Two community meetings, a citizen survey, and an evaluation of on-site wetlands preceded the design and permitting process for Northside Park improvements. A multi-generational play area with table games and a patio will be constructed off of the Senior Recreation Center. Additional parking, a new walking trail, and drainage improvements at the disc golf course will also be built. 

After years in the planning stages, conceptual designs for Reserve Park were completed and project permitting took place. This new neighborhood park will include playground equipment, a community garden, traveling rings, an obstacle course with fitness stations, picnic areas, and a memorial to Reserve Soldiers. 

After Fred Cone Park’s track was resurfaced, the design, procurement, and permitting process began for shade structure installation at the spectators’ area and field drainage improvements. 

Community meetings and a conceptual design were completed for Green Acres Park . Improvements to the park include a new playground, picnic pavilion, tables and benches, adult outdoor fitness equipment, and a sidewalk connecting the park amenities.

An open house, online survey, and focus groups were part of the planning process for the new NE 31st Avenue Park (to be renamed Unity Park ). The park will be constructed approximately 200’ to the west of its current location and will have a picnic pavilion, a walking/exercise loop, modern playground equipment, a community garden, and new basketball courts.  

After two open houses, an online survey, and focus group meetings, a final conceptual rendering for a new Clarence R. Kelly Recreation Center was created. Next steps include finalizing the project programming and operation partnerships, and hiring a design team to create construction documents. 

Project planning and procurement took place to add lighting at the Ironwood Golf Course driving range which allows for extended play hours during winter months.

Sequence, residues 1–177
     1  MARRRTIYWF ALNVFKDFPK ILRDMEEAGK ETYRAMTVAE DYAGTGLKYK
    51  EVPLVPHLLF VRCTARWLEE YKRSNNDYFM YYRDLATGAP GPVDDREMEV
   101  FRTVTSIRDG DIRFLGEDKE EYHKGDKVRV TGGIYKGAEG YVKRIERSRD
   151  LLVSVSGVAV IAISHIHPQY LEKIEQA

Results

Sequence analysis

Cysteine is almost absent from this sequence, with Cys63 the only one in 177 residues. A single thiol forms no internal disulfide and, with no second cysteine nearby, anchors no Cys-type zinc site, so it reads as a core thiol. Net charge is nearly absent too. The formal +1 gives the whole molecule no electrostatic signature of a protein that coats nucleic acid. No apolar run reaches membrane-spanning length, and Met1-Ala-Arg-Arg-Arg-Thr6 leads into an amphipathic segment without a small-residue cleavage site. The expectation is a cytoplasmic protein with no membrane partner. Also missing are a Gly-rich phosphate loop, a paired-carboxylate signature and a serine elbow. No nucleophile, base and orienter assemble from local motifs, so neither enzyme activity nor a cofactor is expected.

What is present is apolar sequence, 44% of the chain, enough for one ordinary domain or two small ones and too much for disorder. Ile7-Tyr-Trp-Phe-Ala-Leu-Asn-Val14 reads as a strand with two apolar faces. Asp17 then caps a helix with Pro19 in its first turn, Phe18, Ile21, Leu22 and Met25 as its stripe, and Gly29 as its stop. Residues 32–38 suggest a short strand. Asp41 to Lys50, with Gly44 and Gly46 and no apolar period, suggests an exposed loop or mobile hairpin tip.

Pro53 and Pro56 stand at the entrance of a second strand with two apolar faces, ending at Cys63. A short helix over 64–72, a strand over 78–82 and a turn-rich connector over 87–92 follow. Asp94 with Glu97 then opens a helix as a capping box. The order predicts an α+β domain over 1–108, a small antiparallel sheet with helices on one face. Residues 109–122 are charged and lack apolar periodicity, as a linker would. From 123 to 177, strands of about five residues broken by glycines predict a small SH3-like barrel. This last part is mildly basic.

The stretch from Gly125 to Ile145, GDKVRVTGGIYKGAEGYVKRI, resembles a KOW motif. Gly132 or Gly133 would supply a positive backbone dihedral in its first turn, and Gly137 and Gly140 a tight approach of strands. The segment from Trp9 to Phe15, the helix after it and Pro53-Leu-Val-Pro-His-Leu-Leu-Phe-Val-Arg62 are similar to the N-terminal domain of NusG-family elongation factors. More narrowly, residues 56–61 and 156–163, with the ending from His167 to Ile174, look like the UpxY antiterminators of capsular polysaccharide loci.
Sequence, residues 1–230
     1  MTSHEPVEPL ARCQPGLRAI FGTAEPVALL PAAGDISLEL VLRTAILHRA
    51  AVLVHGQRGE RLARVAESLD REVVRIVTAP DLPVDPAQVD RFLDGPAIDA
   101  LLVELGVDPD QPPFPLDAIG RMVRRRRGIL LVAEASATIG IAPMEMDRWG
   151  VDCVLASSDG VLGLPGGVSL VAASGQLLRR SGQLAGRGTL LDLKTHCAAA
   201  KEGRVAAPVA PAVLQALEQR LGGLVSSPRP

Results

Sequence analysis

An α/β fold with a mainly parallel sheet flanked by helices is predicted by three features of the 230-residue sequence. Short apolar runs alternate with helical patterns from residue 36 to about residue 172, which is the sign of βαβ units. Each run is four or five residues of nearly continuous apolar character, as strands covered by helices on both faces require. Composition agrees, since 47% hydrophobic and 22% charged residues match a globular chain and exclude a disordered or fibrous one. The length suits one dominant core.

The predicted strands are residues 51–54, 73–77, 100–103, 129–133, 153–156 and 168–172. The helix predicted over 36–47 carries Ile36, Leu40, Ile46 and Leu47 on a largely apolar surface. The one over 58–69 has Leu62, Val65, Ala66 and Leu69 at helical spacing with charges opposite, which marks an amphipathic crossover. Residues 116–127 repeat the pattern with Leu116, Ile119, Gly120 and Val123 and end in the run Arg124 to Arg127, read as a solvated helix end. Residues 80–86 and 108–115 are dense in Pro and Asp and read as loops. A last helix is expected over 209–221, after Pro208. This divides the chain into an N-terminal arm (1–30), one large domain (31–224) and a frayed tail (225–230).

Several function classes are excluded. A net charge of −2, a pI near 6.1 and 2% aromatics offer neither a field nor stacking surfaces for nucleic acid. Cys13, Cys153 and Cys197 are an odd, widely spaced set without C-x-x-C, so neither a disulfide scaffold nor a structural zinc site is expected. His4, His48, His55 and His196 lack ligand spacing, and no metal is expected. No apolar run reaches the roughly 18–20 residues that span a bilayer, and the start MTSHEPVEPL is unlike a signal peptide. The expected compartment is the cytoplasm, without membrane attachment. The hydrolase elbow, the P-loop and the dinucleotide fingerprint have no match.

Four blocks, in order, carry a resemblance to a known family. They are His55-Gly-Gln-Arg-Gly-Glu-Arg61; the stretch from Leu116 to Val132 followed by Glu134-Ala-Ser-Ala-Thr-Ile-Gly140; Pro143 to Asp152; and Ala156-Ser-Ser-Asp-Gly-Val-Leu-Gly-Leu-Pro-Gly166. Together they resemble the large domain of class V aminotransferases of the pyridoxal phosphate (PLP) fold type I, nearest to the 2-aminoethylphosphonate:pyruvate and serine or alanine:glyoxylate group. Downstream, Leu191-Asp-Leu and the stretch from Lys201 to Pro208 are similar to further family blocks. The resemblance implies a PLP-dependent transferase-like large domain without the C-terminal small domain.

Nature Parks
Design, permitting, and procurement for a full boardwalk replacement at Duval Park was completed with construction scheduled for the spring of 2019. Duval Park boardwalks have been closed due to damage from Hurricane Irma. 

Project design and permitting began for two observation towers at Sweetwater Wetlands Park . Construction will begin in 2019 to build the Prairie and Solar Towers.
Two open houses and focus groups were instrumental in the park design standards and park signage studies , which will assist with development of design standards for parks and public spaces and wayfinding, including a system of maps, signs, and amenity markers. 

The City’s Arborist began working with the University of Florida to develop an Urban Forestry Management Plan , and an Urban Forest Ecological Analysis was completed. 

Morningside Nature Center added a young Jersey calf and future plans are underway to reconstruct the Timucua huts and replace fencing to support environmental programming. 

Construction began on the SW 47th Avenue Trail and SW 40th Boulevard Trail projects. The paved multiuse trails will connect high-density residential areas to activity centers off of SW 34th Street. 

The area for the Sweetwater Recreational Trail was surveyed and design is set to begin on a multiuse trail from Downtown/Depot Park to the intersection of SW 16th Avenue and Williston Road. 

Conceptual design and planning began on the Lincoln Yard Trail after two community open houses were held to discuss what improvements citizens would like to see in this linear park.  

Cultural Facilities and Programs
Design began on additional improvements to the A. Quinn Jones Museum . Upon completion, permits will be obtained to create an outdoor patio with tables, a sound system, landscaping, and a parking lot upgrade from gravel to asphalt. 

The City is investigating potential cultural opportunities at the old Fire Station #1 on South Main Street. Analysis is underway to better understand what improvements would be needed to transform the building from a fire station to a cultural site. 

The Hippodrome Theatre , a city-owned building which was once the old post office, underwent a number of upgrades including improved ADA access and lighting, and replacing a 35-year-old HVAC unit.  
Number of Projects by Type in Fiscal Years 18-20